The Ph.D. Field Examination - Past Cohorts
The Ph.D. Field Examination
By March 1 of their third year, students take a field examination which is meant to give them 1) an intensive knowledge of their teaching and research fields, and 2) a strong basis from which to craft a dissertation prospectus. The field exam will be given by a committee of three faculty, who must be members of the graduate group and who are chosen, with their agreement, by the student. One of the committee members should be designated Exam Chair. In preparing for the exam, students choose one primary and two contributing fields, or areas of specialization; assemble a reading list of about 30 texts for the primary field and 20 texts for each of the contributing fields; and write a rationale of one-half page (approximately 250 words) for each field. The field lists may include primary and secondary sources, and they should be discussed and assembled in close consultation with the student’s field exam committee.
The primary field is typically organized by historical period, textual genre, and/or geographic area; the contributing fields are typically organized by theoretical tradition, literary or cultural thematic, or critical problematic.
Rationales should be very brief descriptions of the field, and should include key questions or problematics to be examined.
Preparation for the Field Exam
In spring of the second year, students should choose an Exam Chair. In conversation with the Exam Chair, students develop a preliminary field list consisting of 40 works that will form the core of the exam. This list, accompanied by an indication of primary field and likely contributing fields as well as by the Exam Chair's signature, is submitted to the Graduate Executive Committee (GEC) by April 15 for approval.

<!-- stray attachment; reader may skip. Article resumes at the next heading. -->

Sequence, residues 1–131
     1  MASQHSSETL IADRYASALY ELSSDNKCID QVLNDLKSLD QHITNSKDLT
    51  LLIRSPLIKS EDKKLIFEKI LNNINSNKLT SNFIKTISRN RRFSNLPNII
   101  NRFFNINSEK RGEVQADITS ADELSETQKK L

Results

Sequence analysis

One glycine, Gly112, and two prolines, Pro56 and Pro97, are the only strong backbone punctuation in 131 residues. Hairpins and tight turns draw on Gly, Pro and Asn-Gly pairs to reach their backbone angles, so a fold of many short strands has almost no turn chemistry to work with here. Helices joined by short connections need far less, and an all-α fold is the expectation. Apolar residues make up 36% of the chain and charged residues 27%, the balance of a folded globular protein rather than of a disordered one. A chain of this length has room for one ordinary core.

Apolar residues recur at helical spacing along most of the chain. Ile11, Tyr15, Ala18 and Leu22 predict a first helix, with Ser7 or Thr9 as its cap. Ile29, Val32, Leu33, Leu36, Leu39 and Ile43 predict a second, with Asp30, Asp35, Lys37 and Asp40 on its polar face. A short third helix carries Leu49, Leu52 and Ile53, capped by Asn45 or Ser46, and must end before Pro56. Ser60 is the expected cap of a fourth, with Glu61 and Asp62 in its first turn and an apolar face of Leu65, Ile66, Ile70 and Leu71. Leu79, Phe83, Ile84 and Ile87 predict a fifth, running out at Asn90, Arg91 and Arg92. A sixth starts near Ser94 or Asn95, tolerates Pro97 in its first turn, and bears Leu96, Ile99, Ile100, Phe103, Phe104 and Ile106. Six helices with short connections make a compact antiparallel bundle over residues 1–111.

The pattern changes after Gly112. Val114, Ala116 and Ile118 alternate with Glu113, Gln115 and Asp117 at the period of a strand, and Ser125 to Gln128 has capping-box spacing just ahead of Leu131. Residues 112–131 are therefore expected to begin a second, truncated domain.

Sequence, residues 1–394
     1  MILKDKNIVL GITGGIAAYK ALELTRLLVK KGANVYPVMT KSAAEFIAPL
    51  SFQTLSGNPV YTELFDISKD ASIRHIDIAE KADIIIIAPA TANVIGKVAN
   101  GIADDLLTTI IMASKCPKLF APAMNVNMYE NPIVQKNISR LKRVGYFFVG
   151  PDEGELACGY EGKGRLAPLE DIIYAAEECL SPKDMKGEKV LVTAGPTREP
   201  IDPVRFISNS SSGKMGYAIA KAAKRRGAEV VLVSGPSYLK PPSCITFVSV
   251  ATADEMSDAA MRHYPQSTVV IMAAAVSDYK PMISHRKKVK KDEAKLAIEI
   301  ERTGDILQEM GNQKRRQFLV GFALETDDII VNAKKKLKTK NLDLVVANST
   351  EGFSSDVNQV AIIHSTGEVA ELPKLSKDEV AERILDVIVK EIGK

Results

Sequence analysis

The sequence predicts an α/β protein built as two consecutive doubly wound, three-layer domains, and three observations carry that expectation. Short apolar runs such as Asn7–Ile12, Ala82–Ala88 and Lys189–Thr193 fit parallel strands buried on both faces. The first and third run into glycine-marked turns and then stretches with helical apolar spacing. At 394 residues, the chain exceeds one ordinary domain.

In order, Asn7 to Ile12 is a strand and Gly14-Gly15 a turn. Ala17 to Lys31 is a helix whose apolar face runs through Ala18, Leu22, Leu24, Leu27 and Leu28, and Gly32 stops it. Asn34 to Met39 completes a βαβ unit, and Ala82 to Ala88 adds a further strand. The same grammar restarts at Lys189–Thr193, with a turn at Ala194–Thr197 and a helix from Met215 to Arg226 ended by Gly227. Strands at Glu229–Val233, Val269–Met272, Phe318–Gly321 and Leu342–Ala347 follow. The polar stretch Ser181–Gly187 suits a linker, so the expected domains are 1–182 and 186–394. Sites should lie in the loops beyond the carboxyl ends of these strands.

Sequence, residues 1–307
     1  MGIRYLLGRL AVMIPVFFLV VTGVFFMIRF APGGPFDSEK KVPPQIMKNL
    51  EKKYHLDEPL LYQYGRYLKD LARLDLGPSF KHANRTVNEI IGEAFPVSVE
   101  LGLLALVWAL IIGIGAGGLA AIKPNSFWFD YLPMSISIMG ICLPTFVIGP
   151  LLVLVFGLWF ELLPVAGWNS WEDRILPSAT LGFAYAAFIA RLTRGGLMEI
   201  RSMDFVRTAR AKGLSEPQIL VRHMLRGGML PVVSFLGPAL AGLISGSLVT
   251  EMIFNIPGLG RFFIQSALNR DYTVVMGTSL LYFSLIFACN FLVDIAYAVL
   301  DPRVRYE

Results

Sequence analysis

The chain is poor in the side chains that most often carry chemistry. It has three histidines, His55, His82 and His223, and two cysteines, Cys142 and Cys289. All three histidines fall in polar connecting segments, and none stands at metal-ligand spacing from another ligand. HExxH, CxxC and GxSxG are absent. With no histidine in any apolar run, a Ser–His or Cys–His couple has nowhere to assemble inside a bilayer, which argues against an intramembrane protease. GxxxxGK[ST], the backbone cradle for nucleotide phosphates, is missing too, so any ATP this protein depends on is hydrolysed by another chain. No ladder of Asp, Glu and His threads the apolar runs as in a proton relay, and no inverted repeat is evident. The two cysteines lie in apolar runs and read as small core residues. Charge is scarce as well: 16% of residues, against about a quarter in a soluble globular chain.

During the summer between their second and third years, students should systematically read the works on the preliminary list. They should also assemble their field exam committee, decide on their contributing fields, draft their rationales, and construct the three lists. Please note:together, the three lists should not contain more than 70 works total.
By September 23, students will submit their titled reading lists and rationales, signed by all three committee members, to the GEC for approval. In evaluating the field exam proposal, the GEC will take into consideration the coherence of each field, the potential relationships among the fields, the depth and breadth of each reading list, and the clarity of each rationale. The GEC will approve or request revisions by early October.
During the fall of third year, students should continue reading through their lists, meeting regularly with their committee members to discuss progress, questions, and concerns. It is often helpful—though not required—for the student to compose brief, informal write-ups of key texts or groups of texts during the course of their reading, and to submit those write-ups to the field committee members prior to regular (at least once a month) meetings. This allows students to assemble notes for their field exam preparation, and to apprise the committee members of their intellectual development during their exam preparation.